e-Team Report, Jan. 25, 2013

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State Efforts Chipping Away at Union Membership, Especially for Public Sector Workers

According to a recent report released by the Bureau of Labor Statistics the total number of union members in the U.S. fell by 400,000 last year.  Not surprisingly, economic and labor specialists point to the adoption of state anti-union legislation such as "right-to-work" laws as a major culprit for the steep decline in organized workers.  Local government employees have been hit particularly hard.  In Indiana and Wisconsin, states which recently adopted ‘right-to-work’ laws, union membership fell by 18 and 13 percent, respectively. 

State level attempts at dismantling workers’ ability to collectively bargain for fair wages and working conditions has taken a new turn in Kansas as House Bill 2023 was introduced this week.  If adopted, the bill would prohibit public employees from voluntarily choosing to give automatic contributions for the political activities of their unions.  Unions do not use member dues to pay for political activities.  Therefore, unions heavily rely on voluntarily contributions from members to advocate on behalf of their membership.  Blocking such voluntary deductions demonstrates the continued concerted efforts at the state level to weaken unions.

For more on the decline of union membership, click here.

Debt Ceiling Temporarily Averted

Crisis politics are alive and well in Washington, DC.  Given the deep partisan divide in Congress, it seems the only legislation that moves through the legislative branch anymore are frantic responses to immediate predicaments, often of Congress’s own making.  An ongoing example is the perpetual battle over whether or not the federal government will pay its bills.  On Wednesday, the House voted to temporarily suspend the debt ceiling for three months, pushing off the matter until it will coincide with other fiscal deadlines, such as passing a budget and automatic spending cuts known as the sequester.

To read more on the temporary debt ceiling suspension, please click here.

The Politics of Crisis and Postal Reform

As the fiscal situation of the Postal Service continues to deteriorate, the need for congressional intervention grows more urgent.  In a gridlocked Congress that only moves in times of crisis, it may well take the approaching postal cliff to spur Congress into action. 

On that note, Senate Majority Leader Harry Reid (D-NV) affirmed on Tuesday earlier comments by Senator Tom Carper (D-DE) and Representative Darrell Issa (R-CA) that this Congress will pass long awaited postal reform.  “We will again revisit historical reforms to save the U.S. Postal Service,” said Reid, which he noted “passed the Senate on a bipartisan basis after deliberation and debate during the last Congress but was left to languish by the House.”

To read more on Sen. Reid’s plans for upcoming legislation, please click here.

Forever Stamps Rising to 46 Cents

Starting Sunday, the price for a first-class stamp will rise to 46 cents, an increase of one cent.  Other postage, including postcards and international mail, will also see a slight price increase.  These postage rates remain amongst the lowest in the Western world.

While advocating for a responsible and comprehensive postal bill on Ed Schultz’s radio show last week, APWU President Cliff Guffey commented on the huge financial burden placed on USPS without a mechanism to pay for it.  Said Guffey, “One of the worst aspects of the Postal Accountability and Enhancement Act (PAEA) — beside the requirement to pre-fund 75 years' worth of healthcare benefits for future retirees within a 10-year period — was the section of the law that prohibits the USPS from raising postage rates to pay for the pre-funding.” To listen to President Guffey’s interview on the Ed Schultz Radio Show, please click here.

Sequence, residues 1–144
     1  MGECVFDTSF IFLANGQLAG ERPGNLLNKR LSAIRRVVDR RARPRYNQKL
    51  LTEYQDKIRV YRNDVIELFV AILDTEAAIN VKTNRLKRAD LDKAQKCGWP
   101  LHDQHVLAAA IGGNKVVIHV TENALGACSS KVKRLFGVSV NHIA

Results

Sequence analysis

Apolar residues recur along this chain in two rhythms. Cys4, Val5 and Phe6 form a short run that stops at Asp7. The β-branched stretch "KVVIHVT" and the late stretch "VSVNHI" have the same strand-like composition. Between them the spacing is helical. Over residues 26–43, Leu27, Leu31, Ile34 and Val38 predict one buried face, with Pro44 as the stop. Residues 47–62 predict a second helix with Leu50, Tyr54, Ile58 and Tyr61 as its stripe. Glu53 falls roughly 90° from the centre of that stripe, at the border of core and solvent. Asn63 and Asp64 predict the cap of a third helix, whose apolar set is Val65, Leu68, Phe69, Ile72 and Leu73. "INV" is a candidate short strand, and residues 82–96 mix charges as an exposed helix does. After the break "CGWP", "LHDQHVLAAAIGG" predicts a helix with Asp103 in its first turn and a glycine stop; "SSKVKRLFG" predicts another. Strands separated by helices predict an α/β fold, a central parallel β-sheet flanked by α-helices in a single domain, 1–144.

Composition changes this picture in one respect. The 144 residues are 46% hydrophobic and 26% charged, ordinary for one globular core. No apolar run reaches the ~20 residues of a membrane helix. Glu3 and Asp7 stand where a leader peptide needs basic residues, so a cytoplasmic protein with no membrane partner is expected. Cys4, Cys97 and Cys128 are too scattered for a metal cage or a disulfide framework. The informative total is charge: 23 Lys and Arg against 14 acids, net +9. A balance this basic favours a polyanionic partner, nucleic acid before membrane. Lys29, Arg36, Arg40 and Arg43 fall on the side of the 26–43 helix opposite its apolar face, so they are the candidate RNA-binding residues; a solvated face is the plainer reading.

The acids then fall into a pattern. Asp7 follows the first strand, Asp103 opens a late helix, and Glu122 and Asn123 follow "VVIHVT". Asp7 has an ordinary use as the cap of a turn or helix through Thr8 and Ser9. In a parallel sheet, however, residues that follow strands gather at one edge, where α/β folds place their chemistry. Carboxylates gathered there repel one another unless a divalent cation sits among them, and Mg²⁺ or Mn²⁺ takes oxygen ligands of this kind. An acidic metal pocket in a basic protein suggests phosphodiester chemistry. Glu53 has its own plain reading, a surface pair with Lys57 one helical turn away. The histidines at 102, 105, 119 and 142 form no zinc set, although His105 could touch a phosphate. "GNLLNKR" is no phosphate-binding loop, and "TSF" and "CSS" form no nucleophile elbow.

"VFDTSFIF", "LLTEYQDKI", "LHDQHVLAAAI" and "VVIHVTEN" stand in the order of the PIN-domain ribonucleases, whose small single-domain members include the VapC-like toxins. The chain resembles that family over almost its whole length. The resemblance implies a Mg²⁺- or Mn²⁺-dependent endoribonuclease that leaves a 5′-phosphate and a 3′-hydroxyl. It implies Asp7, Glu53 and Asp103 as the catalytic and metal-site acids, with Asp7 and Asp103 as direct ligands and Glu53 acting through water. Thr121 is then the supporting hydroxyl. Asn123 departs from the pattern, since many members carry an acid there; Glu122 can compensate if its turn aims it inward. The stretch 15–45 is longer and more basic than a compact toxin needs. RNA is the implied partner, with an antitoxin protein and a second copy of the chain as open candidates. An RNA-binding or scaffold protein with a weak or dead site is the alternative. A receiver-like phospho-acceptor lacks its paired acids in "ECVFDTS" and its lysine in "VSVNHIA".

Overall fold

Comedian television host Stephen Colbert also has some thoughts on the changing postage rates: “It just proves the government cannot do anything right.  This price hike is an outrage!  A penny? Let me get this straight, Post Office. I put a letter like this in a metal box on any street corner in the nation, say Miami, and within a couple of days it’s delivered in Seattle, Washington. And for that you want 46 cents? You go to hell.”

To watch his segment on the price of stamps (which begins at 30 seconds into the video), please click here.

Lawmakers Back Away From Federal Employee Pay Freeze (For Once)

Lawmakers have temporarily backed off from plans to extend pay freezes for the nation’s 2 million federal government workers.  House members decided not to consider the Republican-sponsored bill which would have drawn-out any increases in salaries until the end of the 2013 fiscal year.  Federal workers have felt the consequences of political gridlock for more than 3 years as they have not seen a cost of living increase in that time.  For the time being, in this one instance at least, GOP lawmakers have decided against trying to balance the budget on the backs of government workers.

It's not just the salaries of federal employees with which Congress is playing.  The House bill which temporarily suspends the debt ceiling also includes a provision that puts the salaries of federal lawmakers in escrow should they fail to reach a budget agreement by April 15th.  Should a budget never pass, members will get a lump sum payment on the last day of the Congress.  A recent study conducted by the Center for Responsive Politics found that members of 113th Congress had a median estimated net worth of $966,000 in 2011.  So, pardon the cynicism regarding the effectiveness of such a gimmick, they'll probably get by fine. 

For more on the pay freeze bill, please click here.

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